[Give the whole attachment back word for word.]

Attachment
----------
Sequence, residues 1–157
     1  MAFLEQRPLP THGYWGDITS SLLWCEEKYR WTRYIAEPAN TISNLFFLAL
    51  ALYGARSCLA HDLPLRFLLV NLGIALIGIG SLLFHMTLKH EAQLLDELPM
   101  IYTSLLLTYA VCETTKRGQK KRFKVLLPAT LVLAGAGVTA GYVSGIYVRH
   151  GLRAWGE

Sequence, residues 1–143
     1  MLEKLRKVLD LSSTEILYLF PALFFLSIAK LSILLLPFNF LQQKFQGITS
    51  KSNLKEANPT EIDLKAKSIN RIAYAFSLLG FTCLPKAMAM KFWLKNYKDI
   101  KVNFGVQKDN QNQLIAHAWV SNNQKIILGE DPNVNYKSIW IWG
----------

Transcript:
Sequence, residues 1–157
     1  MAFLEQRPLP THGYWGDITS SLLWCEEKYR WTRYIAEPAN TISNLFFLAL
    51  ALYGARSCLA HDLPLRFLLV NLGIALIGIG SLLFHMTLKH EAQLLDELPM
   101  IYTSLLLTYA VCETTKRGQK KRFKVLLPAT LVLAGAGVTA GYVSGIYVRH
   151  GLRAWGE

Sequence, residues 1–143
     1  MLEKLRKVLD LSSTEILYLF PALFFLSIAK LSILLLPFNF LQQKFQGITS
    51  KSNLKEANPT EIDLKAKSIN RIAYAFSLLG FTCLPKAMAM KFWLKNYKDI
   101  KVNFGVQKDN QNQLIAHAWV SNNQKIILGE DPNVNYKSIW IWG